Chair: Professor Lilian Edwards, Professor of E-Governance, University of Strathclyde

Getting over it: new meanings of privacy
Sacha Wilson
, Associate, Bristows LLP

Social media, law enforcement and the rule of law
Professor Ian Walden, Queen Mary University of London

3 pm - 3.15 pm: Tea break

3.15 pm - 4.45 pm: Open IP
In the world of connected data and rapidly evolving business models, does IP play a meaningful role anymore? What would happen if it were abolished (or just ignored)? Or rather does it need fundamentally reforming to reflect the new "rights".

Chair: Graham Smith, Partner, Bird & Bird LLP

Do IPR monopolies promote economic activity in a connected world? The case for the opposition
Alexander Carter-Silk
, Partner, Speechly Bircham

IP in the world of open data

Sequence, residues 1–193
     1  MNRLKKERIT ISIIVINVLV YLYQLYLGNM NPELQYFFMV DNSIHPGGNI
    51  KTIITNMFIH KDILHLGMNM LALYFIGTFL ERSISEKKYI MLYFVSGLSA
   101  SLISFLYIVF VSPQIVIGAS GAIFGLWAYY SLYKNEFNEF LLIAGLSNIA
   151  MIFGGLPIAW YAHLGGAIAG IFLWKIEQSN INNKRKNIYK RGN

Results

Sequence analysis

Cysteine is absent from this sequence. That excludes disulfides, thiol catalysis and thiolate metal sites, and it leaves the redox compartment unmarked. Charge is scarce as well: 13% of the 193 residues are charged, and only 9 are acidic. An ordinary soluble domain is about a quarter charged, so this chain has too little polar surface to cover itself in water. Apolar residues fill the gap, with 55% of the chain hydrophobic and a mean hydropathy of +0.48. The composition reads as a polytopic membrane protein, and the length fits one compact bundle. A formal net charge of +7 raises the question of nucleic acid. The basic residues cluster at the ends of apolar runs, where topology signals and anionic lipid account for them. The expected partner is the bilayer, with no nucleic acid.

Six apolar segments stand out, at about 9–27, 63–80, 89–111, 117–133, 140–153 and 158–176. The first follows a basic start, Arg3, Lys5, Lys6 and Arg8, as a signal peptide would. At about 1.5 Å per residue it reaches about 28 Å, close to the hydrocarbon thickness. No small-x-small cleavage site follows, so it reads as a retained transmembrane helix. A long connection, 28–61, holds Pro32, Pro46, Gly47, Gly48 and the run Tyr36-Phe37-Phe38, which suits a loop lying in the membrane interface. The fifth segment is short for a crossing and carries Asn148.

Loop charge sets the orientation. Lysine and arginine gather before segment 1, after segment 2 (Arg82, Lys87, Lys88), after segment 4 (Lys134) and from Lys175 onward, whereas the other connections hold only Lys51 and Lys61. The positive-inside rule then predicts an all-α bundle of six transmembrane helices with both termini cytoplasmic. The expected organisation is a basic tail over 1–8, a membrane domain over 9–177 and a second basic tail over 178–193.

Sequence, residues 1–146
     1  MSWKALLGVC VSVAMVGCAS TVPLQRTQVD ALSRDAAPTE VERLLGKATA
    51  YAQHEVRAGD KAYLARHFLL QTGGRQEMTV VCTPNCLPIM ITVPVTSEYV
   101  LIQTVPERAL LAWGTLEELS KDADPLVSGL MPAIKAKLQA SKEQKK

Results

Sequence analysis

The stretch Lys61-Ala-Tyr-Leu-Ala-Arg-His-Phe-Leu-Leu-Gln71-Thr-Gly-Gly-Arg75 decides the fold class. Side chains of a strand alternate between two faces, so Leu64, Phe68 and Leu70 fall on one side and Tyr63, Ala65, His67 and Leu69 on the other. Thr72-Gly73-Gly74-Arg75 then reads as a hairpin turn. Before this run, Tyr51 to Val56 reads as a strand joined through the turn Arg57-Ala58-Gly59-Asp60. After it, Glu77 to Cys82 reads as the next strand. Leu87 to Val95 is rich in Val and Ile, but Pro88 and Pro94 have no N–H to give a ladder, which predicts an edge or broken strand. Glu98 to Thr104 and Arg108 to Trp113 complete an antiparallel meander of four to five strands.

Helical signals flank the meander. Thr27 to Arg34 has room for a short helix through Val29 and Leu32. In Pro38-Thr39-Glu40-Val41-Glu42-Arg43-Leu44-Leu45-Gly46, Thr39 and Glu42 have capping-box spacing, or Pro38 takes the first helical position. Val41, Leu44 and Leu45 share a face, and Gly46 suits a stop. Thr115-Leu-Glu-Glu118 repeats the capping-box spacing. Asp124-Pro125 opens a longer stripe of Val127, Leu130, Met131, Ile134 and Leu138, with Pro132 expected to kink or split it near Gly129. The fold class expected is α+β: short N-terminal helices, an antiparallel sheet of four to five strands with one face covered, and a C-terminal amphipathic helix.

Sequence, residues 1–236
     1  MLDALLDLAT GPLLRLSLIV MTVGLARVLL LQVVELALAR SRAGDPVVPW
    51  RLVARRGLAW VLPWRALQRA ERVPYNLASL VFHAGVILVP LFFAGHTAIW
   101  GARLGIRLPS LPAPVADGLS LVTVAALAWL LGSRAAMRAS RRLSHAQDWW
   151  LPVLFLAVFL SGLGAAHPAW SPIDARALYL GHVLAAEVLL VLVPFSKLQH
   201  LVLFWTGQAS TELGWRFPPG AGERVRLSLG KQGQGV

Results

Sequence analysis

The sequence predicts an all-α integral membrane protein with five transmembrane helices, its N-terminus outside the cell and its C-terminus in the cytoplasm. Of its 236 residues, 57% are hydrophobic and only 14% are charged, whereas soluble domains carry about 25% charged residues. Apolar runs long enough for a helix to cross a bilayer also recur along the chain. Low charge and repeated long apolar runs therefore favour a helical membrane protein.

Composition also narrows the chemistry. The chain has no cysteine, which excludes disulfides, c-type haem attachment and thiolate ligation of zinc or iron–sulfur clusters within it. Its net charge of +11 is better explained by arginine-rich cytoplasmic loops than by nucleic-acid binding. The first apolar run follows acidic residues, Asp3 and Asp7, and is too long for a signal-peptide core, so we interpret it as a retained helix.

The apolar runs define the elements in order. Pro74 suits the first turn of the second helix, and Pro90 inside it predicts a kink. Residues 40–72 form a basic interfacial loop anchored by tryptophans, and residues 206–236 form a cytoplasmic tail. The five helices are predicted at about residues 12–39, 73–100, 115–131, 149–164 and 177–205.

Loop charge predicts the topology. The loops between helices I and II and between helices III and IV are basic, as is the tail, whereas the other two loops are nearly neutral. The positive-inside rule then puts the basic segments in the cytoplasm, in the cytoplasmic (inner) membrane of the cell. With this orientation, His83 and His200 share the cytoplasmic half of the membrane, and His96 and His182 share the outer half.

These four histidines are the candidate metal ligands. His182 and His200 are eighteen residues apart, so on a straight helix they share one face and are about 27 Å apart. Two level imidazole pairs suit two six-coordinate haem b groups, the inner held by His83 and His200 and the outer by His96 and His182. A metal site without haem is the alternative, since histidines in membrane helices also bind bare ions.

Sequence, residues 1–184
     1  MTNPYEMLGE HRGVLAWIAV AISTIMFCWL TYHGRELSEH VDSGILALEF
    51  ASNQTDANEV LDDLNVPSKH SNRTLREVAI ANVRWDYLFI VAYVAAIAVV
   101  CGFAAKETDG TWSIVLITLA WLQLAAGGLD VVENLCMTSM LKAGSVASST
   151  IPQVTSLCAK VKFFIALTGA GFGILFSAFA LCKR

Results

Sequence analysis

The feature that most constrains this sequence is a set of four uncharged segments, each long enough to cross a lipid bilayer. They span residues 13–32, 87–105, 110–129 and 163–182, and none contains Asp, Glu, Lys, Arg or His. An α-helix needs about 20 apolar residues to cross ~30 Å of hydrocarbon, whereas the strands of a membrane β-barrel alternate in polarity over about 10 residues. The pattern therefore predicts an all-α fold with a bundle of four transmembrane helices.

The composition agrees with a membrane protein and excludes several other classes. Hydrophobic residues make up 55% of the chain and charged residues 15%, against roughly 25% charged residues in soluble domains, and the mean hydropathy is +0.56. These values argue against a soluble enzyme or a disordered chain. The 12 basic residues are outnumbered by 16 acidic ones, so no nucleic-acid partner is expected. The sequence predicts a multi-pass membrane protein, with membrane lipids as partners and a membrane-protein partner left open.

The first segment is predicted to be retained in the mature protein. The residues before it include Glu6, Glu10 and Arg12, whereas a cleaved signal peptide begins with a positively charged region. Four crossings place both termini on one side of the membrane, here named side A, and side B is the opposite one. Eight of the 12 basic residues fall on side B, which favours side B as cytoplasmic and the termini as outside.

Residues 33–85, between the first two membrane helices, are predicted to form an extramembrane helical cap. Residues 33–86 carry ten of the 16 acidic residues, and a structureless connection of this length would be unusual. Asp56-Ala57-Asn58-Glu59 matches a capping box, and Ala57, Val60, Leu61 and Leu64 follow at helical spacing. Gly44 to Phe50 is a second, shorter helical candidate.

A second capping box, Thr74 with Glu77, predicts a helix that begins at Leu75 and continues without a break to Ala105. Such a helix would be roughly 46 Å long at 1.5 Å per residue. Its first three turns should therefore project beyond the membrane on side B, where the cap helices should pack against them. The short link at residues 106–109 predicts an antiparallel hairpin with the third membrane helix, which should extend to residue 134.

Francis Davey
, Barrister

Open design and open data
Andrew Katz
, Partner, Moorcrofts

5.30 pm – 6.30 pm: SCL Policy Forum Keynote Lecture
"O TEMPORA, o mores! Can the Law Control Digital Leviathan?"

To be given by Dr Ian Brown, Associate Director, Oxford University Cyber Security Centre and Senior Research Fellow, Oxford Internet Institute.

Close of day one

Day two: Friday 13 September 2013

8.45 am - 9.15 am:
Registration, tea and coffee

9.15 - 10.45 am: Big data – aggregation and repurposing
Big data has been discussed for years, in terms of the new kinds of analytic techniques it requires. But from a policy perspective, recent applications are identifying new and difficult issues which the law needs to resolve. One is that data is being aggregated from a wide range of sources, without any clear framework for deciding who (subject, collector, aggregator, other?) has rights to control its use. The other is that data collected for one purpose is now being analysed for very different purposes, often without any way to predict (even when aggregated) what those new purposes might be. Again, who decides whether those new purposes and uses are permissible?